Valkyrie Performance

Accountability Integrity Attitude

Project Educate and Inspire: Week 5

Andrea Writt

Welcome and thank you for stopping by! This is the third iteration of our series to honor and share the stories of empowered women, fulfilling roles as leaders in their country. The mission of this project is to inspire, educate, and connect women who are currently serving or considering serving in typically male dominated professions such as military, police, or fire service. Over the next ten weeks we will share the stories of ten amazing women who have served, or are currently serving our Nation, providing unique perspectives into the inspiring realities of these women's lives.

If you would like to contribute to our project and share your story through Valkyrie Performance, please email me at writt.aj@gmail.com

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First Lieutenant Dusti Doss


Combat Engineer Platoon Commander, United States Marine Corps
 


1. What do you appreciate the most about being a woman in a male dominated field?

I get to be someone’s definition of a female in the Marine Corps. I get to disprove, dispel, and negate negative stereotypes while affirming the fact that we’re all Marines. Period. Someone will think back on me crushing them in workouts, pushing them to reach further in their jobs, and laughing with them in our down time. I get to create the mold.  


2. As a woman in a male dominated field, what challenges do you regularly face and how do you overcome those challenges?

Your gender will beat you into the door. It’s the first thing people will see. Every brief, operation, task. The quicker you accept it and not let that fact cause you to overwork yourself, to “win them over”, the better. I’m currently on an operation in the Philippines. I’m one of the few officers to have done it twice- and yet my local counterpart refuses to work with me. No words, meetings, not even eye contact. I work around it because I have to. I can’t let my guys see me fall apart over something so BS. Does it hurt? Hell yes. It wrecks me. None of my experience, skills, or even my commission means a thing to him and the forces were working with. I just stay focused on mission because we have to. It’s my job to portray strength... and be that model to my guys around me. I get to be a positive Lieutenant story.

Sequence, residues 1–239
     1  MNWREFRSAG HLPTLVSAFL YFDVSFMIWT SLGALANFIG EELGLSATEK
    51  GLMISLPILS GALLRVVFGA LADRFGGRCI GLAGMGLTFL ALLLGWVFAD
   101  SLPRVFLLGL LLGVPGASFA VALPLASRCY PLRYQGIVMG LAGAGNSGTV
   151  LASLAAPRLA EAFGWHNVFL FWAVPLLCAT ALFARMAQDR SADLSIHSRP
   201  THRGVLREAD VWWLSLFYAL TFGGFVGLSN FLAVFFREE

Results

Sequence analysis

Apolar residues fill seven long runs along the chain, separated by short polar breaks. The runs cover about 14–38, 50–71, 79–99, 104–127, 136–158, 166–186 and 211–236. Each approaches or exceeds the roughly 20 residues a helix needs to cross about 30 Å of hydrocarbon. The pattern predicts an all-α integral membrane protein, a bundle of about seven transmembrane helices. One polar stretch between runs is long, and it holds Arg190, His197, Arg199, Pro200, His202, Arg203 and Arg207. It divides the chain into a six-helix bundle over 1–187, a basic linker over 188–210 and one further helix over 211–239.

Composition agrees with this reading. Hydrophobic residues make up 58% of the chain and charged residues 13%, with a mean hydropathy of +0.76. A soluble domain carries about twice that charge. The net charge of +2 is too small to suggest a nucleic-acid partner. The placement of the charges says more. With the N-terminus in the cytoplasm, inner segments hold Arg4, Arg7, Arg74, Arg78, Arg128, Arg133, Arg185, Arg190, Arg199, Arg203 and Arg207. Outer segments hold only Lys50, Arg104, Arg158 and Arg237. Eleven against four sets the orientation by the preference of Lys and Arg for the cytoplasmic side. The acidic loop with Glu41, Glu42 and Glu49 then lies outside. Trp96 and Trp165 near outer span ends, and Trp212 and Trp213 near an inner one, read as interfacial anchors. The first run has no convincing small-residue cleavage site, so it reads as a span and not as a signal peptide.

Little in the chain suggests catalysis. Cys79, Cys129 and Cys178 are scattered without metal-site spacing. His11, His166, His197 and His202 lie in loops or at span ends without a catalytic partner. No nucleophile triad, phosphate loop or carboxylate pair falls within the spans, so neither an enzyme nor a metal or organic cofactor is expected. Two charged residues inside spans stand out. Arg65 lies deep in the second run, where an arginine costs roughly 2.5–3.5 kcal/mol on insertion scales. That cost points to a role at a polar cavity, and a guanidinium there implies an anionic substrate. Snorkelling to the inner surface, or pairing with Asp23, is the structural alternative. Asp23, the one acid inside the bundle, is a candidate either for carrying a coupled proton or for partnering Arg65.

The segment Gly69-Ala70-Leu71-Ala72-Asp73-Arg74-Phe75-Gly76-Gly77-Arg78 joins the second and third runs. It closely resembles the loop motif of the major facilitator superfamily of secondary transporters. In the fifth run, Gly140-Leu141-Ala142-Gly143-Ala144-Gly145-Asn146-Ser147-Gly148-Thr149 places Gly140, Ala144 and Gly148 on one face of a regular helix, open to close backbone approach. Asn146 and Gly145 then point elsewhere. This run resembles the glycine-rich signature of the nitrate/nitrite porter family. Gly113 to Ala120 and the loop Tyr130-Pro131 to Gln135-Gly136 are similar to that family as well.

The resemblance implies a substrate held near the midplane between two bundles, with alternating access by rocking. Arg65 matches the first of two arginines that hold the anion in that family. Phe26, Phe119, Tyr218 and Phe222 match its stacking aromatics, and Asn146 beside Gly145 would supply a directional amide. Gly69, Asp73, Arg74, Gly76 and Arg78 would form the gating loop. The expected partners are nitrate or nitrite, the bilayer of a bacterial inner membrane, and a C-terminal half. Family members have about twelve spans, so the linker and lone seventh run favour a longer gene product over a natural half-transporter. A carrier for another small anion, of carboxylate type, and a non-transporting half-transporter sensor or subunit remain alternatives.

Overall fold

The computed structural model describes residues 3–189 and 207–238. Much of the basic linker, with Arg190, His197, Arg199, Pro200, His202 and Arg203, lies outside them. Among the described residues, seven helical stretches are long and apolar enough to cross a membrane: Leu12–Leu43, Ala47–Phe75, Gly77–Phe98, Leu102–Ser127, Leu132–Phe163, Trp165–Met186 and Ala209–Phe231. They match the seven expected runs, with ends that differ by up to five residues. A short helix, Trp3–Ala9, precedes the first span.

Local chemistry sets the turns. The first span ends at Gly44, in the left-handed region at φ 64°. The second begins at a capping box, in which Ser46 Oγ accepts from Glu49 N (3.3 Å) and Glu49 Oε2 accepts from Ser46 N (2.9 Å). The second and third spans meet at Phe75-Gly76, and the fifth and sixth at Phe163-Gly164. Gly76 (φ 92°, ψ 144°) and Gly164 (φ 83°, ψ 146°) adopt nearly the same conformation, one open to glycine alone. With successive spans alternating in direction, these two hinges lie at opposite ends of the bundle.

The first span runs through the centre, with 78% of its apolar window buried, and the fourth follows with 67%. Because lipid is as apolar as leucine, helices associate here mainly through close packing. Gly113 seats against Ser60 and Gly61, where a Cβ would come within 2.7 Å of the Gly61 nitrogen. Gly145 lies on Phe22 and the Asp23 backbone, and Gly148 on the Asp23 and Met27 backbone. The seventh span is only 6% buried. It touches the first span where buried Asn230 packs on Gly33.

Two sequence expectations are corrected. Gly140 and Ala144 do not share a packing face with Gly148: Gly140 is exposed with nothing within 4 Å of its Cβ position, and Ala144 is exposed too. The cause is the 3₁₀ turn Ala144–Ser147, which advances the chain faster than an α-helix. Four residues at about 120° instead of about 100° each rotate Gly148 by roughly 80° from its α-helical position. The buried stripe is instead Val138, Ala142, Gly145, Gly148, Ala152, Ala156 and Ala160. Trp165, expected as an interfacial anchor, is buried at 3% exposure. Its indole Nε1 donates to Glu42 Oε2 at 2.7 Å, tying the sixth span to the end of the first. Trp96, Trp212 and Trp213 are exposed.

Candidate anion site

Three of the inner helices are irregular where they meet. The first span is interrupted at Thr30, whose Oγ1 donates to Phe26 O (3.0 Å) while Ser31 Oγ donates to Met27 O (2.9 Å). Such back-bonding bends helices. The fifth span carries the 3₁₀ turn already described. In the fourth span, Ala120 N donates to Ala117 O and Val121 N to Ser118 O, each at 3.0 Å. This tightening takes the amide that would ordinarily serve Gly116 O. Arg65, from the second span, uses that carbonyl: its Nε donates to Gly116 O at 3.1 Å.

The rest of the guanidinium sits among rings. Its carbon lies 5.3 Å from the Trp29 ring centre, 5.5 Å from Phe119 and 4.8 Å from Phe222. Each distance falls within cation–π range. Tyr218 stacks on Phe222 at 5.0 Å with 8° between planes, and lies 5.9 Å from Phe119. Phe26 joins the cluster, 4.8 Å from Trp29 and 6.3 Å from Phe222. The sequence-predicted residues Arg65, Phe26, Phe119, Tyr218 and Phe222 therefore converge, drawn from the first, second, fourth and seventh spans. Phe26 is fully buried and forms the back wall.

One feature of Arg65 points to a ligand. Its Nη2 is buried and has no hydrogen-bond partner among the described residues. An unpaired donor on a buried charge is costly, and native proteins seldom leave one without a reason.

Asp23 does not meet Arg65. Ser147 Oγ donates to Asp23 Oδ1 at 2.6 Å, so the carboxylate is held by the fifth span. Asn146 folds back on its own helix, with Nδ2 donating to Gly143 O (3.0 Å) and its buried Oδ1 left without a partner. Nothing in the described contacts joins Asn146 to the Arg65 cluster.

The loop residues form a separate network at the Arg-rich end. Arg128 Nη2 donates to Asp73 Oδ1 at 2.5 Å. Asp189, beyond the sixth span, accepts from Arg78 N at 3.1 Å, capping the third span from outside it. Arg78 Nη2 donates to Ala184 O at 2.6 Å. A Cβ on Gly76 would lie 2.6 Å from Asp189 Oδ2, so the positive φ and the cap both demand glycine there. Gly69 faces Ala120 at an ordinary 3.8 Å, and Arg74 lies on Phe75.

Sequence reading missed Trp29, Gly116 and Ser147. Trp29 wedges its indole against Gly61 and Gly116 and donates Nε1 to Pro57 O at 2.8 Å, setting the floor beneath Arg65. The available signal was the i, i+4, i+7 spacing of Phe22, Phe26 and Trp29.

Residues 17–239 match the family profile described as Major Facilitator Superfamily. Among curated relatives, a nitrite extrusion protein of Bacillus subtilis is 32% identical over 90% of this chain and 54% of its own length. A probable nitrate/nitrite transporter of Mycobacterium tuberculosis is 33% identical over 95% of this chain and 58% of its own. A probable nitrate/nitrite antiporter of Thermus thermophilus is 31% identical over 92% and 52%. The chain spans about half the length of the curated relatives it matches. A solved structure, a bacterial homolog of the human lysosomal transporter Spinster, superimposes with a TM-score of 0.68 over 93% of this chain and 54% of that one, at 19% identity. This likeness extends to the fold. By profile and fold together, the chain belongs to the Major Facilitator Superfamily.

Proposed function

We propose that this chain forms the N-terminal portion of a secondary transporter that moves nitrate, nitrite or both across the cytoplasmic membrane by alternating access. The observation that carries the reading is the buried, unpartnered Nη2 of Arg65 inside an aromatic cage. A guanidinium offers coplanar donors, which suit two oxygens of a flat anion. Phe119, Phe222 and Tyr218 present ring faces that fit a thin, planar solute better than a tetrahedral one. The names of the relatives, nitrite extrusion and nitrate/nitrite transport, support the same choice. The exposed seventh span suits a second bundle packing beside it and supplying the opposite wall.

60% of the people out there won’t mind if you’re a female, but the 40% that do care are loud and ruthless. Key the “be the mold” conversation. Everything you say and do will be watched, sometimes critically, so make it worth the talk. Knock it out of the park, and don’t be a victim. If it hurts, if it’s not right, you say something, you don’t take it laying down. You are the example for the junior females around you, but recognize that your words and actions have power.


3. What practices do you have, to re-center yourself when you’ve had a tough conversation or someone has given you an ungrounded assessment or unsolicited advice?

Breathe. Walk away. Get fresh air. You have to reset yourself before you can think critically. Get out of the building. Change your environment. Sometimes we need to remember that this is our job, not our life. These people matter, but they are not the end all, be all.

Prayer, for me, always. I would be nothing without that strength in my life.

Talk to a mentor- MENTORSHIP IS EVERYTHING. I relay the whole situation if possible to see if the action I want to take makes sense and is level-headed. Choose someone who will tell you no, tell you to calm down, or say hell yes. You need people in your corner.


4. What are your top 3-5 priorities in life? How do you make time for the areas you value most?

God, Family, Training, Corps.

I am dual military (my husband and I are both in the military). In two years of marriage we’ve spent about 6 months in the same country, let alone together. We do a devotion every day (separately,) while also seeking out families of people around us wherever we end up. These deeply forged friendships have developed into a global network of people who pray for us and continue to help develop us in our young marriage.